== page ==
Making a conductive adhesive

Well, I was trying to solder some extra thick peizo material, having very little luck when I realized that this could be solved very easily with some sort of conductive adhesive. So I set out to make some. I’m posting the steps for making a conductive adhesive for posterity and in case anyone needs to know. It’s not difficult though I have tried a few different methods and this one is the best.

1. Find your glue, preferably one that requires drying or curing, not anaerobic adhesives like Loctite (cyanoacrylate). I tried a couple of versions of Loctite and found that the conductive medium would merely clump together, making an oatmeal-glue. You can use adhesives like Rubber cement, 2 part epoxy or even white glue (polyvinyl acetate).

In this case I used two-part epoxy. It has a long cure time and its fairly rigid.

A small sample of the epoxy

A small sample of the epoxy

Nothing much to see there, since I wanted to use only a few drops of actual adhesive, I only mixed a gram or so of the stuff.

2. Prepare the medium. In this case I used a conductive graphite powder and iron filings. If you’re going to use iron filings, magnetize them first by letting them rub on a magnet, then force them off and into the graphite mixture. Beware that using a water based glue can make the iron filings oxidize.

Anyways, if you don’t have any graphite on hand you can crush up some pencil leads in a crucible or on something that will allow you to make the graphite as fine as possible. And in the event of not having any iron filings, like me, do what I did, grind or file down a piece of steel or an iron nail. make sure they’re magnetic.

This is the graphite/iron mixture

This is the graphite/iron mixture

Now, you may ask “Why iron, and why magnetize it?” Well, the iron provides low resistance paths through the adhesive and when you apply a magnetic field to the iron filings, they align themselves to the field, thus you can create a lower resistance path. I’ve reduced the resistance with this method by tens of KOhms based on the little I’ve done this so far, your results may vary.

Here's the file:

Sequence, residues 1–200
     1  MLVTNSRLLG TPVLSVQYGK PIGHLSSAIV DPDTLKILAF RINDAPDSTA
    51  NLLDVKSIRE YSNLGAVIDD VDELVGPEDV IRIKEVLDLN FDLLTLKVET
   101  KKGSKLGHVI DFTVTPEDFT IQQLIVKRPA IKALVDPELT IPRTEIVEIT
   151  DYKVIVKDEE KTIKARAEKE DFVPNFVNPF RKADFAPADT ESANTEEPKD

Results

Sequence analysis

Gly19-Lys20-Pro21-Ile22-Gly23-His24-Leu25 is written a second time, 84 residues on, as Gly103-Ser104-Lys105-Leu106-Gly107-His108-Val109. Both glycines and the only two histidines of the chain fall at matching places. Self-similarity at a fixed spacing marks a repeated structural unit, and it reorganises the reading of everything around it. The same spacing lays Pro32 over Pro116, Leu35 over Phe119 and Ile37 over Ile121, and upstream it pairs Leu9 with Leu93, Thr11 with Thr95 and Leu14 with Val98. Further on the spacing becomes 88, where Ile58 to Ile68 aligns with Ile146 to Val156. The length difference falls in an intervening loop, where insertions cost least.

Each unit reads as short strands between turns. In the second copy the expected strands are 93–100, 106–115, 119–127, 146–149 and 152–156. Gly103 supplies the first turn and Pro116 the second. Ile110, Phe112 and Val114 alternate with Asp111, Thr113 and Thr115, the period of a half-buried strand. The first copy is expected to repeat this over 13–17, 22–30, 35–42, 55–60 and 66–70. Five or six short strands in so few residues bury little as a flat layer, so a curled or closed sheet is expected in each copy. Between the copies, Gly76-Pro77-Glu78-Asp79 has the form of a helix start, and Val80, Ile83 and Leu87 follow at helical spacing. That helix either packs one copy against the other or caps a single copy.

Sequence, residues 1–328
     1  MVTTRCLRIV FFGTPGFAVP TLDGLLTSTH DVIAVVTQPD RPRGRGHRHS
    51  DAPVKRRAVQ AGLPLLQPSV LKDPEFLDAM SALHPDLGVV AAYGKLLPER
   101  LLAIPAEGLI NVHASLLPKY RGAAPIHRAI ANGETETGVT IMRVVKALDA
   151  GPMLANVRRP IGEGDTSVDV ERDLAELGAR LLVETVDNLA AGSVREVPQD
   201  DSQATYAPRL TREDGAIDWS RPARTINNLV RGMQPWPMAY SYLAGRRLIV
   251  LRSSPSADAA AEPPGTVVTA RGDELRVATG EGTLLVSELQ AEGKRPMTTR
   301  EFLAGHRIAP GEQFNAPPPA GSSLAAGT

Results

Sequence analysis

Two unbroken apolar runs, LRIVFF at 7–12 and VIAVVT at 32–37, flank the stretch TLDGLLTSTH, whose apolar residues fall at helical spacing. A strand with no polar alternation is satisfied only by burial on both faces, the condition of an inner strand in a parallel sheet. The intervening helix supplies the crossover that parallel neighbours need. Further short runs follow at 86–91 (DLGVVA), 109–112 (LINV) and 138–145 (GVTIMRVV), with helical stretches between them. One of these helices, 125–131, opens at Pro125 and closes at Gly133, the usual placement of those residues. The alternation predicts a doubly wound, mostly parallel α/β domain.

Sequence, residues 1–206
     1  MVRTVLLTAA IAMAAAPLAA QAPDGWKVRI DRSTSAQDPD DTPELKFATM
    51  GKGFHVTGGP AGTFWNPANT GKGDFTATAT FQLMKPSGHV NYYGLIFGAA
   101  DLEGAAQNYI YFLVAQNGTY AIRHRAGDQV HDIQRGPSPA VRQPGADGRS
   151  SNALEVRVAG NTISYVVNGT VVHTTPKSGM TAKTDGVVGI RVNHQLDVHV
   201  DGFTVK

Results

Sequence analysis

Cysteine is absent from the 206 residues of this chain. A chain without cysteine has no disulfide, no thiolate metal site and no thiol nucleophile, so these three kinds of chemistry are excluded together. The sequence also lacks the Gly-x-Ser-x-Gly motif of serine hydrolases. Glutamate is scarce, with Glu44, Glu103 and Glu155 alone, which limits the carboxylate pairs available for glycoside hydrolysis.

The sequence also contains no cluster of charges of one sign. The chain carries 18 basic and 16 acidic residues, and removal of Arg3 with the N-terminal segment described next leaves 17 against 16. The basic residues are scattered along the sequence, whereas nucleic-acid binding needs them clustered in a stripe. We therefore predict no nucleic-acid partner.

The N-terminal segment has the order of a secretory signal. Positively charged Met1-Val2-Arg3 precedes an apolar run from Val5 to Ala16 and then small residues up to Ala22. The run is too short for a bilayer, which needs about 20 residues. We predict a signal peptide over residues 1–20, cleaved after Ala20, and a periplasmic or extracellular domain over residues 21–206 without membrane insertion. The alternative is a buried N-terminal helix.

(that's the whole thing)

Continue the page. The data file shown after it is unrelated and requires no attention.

3. Mix the glue and medium. Well this is a pretty simple step. The only thing you’ll many though is to add enough of the medium to make the overall adhesive almost clumpy, mixed to the point of saturation. This way you can ensure conductance.

This is the mixed version of the glue/graphite/iron filings

This is the mixed version of the glue/graphite/iron filings

4. Application of the glue. Simply apply the glue however you want, wherever you want. You’ll get less resistance if you place the two conductors as close to each other as possible though. Also, you’ll want to place one or two magnets, polarity aligned to the connections zones, near the adhesive. This will make the iron (if you used it) move slowly into lengthwise position between the two conductors.

This is the peice of peizo material attached with epoxy.

This is the peice of peizo material attached with epoxy.

Anyways, to be honest, I’ve only tried this formula a few times and did it entirely by eye, therefore I can’t give any exact values. But, thus far it works for me. If it works or doesn’t work for anyone else, feel free to comment. :)

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10 Responses to Making a conductive adhesive

  1. Alexander says:

    I’ve wanted to make some liquid conductive material for some time. Cannot find exact places online to purchase conductive pens from, will try this when I have time to go down to the hardware store. Thank you Steve. :)

  2. Lukas says:

    hey dude,
    i find it quite awesome that you did these instructions as it’s sumthin i really seeked after startin with arduino and e-clothes; it’s a missing part in my collection.
    But could you add sum info about how much of the graphite powder you used? I mean what i’d need is a relation between graphite and iron filings.

    Greetz from Germany,

  3. Jeff says:

    Hi, I was also wondering about the ratios of graphite, iron filing, and epoxy. Can you give me a rough place to start?

  4. smackaay says:

    Well, to be honest, I just did it by mixing until it felt right. Use a fixed amount of epoxy and add graphite or filings until the consistency was still malleable but had enough conductivity. Too thick and you won’t be able to apply it, too thin and it may not conduct very well.

  5. dann raw says:


  6. Vladimir says:

    Thank you Steve. You can also use aluminum or zinc powder and add it to graphite powder but not too much. Because they are easy to grind and to handle, but you can’t magnatize them of course!

    From the Russian Federation

  7. Bill says:

    Put the iron filings in a zip bag and then magnatize.

  8. Mike Leonard says:

    Our company manufactures conductive silicone adhesive compounds which are designed using conductive fillers combined with an RTV silicone base compound (heat or moisture cure). These materials can maintain electrical conduction until elongation values exceed 100%. Our products typically run .01-.04 Ohm-cm and are used as solder replacement. Thought the compounds may assist in a peizo solution.



  9. David says:

    I tried the graphite method, it didn\’t end up conductive. The pencil graphite is conductive before shaving it down but once it\’s mixed with the glue it\’s not anymore. It took a long time to grind some graphite down, not sure I want to try with iron.

  10. Bilal Ali Khan says:

    Good idea but it can\’t works. here medium is non conductive we add some conductive material in this medium but after mixing all conductive particals dispersed in the medium which create non-continuity of conductive particals. CONTINUITY OF CONDUCTIVE MATERIAL IS IMPORTANT FOR MOVEMENT OF ELECTRONS.

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